A strong industrial strategy has many benefits9 August, 2016 / Articles
In a brief moment after the financial crisis, policymakers set their sights on something higher than mere growth: not a return to the consumption and (private) debt-driven growth that had created the trouble, but investment-led growth. Time passed, however. The obsession with austerity set in and that interesting debate dwindled away.
Now, British prime minister Theresa May’s revival of industrial strategy is an opportunity to engage in the conversation again. Certainly, the concept of having such a strategy has not lost its power to shock. Commentators have been swift to denounce its revival as misguided and protectionist, a 1970s’ tribute to failed attempts to revive zombie companies. But the idea that the choice is one between protectionist policies and the elimination of any strategic role for the state is false.
In South Korea, China, Finland, Israel and the US, for example, the state has played an active role in increasing innovation and the productive capacity of the economy. Almost every technology that makes the iPhone smart was funded by government. This was not just about basic research but rather engagement across the whole innovation chain, including demand-side procurement policies.
Today the argument ought not be about whether the state should or should not be involved in driving growth but how it can do this in the best way. There are, for example, legitimate concerns that certain approaches to industrial strategy can lead to incumbent companies and sectors winning unwarranted favours from governments through persistent lobbying. Sectoral approaches sometimes increase these risks.
Much better to look to the lessons of innovation policies that have focused on getting companies to find ways around social and technological problems by working together across sectors and with public agencies. The Apollo mission to put a man of the moon, for example, required collaboration between sectors from textiles and aerospace.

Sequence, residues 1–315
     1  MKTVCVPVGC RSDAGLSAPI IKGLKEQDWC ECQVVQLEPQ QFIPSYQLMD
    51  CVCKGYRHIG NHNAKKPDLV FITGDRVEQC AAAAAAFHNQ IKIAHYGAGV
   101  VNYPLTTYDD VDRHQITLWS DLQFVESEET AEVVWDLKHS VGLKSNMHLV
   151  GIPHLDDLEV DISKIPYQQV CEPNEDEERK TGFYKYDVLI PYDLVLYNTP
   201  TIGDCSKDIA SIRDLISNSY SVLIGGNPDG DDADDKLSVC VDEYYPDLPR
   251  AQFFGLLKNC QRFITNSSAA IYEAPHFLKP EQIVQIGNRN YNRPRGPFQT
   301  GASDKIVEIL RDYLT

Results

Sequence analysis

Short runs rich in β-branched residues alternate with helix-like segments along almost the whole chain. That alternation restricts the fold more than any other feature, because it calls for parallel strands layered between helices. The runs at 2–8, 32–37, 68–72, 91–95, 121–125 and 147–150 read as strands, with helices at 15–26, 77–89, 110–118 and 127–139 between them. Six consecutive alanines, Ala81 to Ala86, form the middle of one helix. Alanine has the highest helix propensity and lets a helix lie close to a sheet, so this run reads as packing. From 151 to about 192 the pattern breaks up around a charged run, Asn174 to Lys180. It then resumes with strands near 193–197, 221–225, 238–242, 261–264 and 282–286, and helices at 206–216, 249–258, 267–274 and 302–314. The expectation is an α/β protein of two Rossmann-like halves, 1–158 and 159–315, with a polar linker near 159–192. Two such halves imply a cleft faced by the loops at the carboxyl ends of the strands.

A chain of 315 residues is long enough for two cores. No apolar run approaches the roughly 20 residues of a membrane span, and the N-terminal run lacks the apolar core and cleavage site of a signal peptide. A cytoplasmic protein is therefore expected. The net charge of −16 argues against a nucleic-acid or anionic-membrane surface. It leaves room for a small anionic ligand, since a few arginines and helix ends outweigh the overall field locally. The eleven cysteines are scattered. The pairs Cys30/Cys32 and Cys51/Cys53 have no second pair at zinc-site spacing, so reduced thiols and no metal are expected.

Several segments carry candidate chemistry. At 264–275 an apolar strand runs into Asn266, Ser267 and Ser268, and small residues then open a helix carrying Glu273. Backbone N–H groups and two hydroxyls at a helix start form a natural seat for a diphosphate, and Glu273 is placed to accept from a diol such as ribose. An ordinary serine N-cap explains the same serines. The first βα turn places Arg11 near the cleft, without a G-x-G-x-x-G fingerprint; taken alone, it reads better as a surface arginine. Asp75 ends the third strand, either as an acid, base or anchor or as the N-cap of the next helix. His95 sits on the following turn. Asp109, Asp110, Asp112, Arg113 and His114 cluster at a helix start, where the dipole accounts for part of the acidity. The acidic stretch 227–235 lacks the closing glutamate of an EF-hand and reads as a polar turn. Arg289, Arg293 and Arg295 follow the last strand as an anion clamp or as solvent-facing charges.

Such an approach demands new types of public-private partnerships, targeting real co-investments rather than concessions and subsidies . In the past, this led in the US to the likes of Bell Labs and Xerox Parc, engines of future innovation, and in the UK to chip designer Arm, through spillovers from BBC investments.
By increasing business expectations about growth areas, mission-oriented investments encourage private sector investment. Unlike indirect measures such as tax credits, these policies create animal spirits rather than assume them. They also allow greater synergy between macroeconomic stimulus, financial market reform and innovation. This can lead to bigger multipliers than “infrastructure spending,” the policymaker’s default panacea.
On the finance side, the problem is not quantity but quality: industrial and innovation policies require long-term, strategic finance, while the UK continues to reward short-term finance. The few attempts at building sources of patient public finance have been neglected, with the successful Green Investment Bank , for instance, in the process of being privatised.
Indeed, just as the debate should not be industrial strategy versus free market, at the organisational level it should also not be about public versus private. There is no reason for the government to sell its entire stake in the GIB. It could retain a significant share, ensuring that it is neither fully public nor wholly private, and use the public share to direct green innovation in the long term.
Similarly, there is no compelling reason for Channel 4, the British public service broadcaster, to be privatised. It can continue to offer opportunities for private sector broadcasting activity, through procurement; so far it has done this successfully with a good return for the taxpayer.
Why should the public sector not get some return on successful investments, sharing the risks and rewards, precisely so that it can cover the failures that inevitably come with innovation? This also entails seeing intellectual property (patents) not as “rights” but as contracts to be negotiated between government and business so that innovation is nurtured rather than stifled. We need the interesting conversation about investment-led growth but the last time it began it was cut short before it really started. This time, we must do better.
We do not need false or ideological choices between market and state. This time we need a real debate about the social missions that can drive public and private investment to claim the opportunities of the future.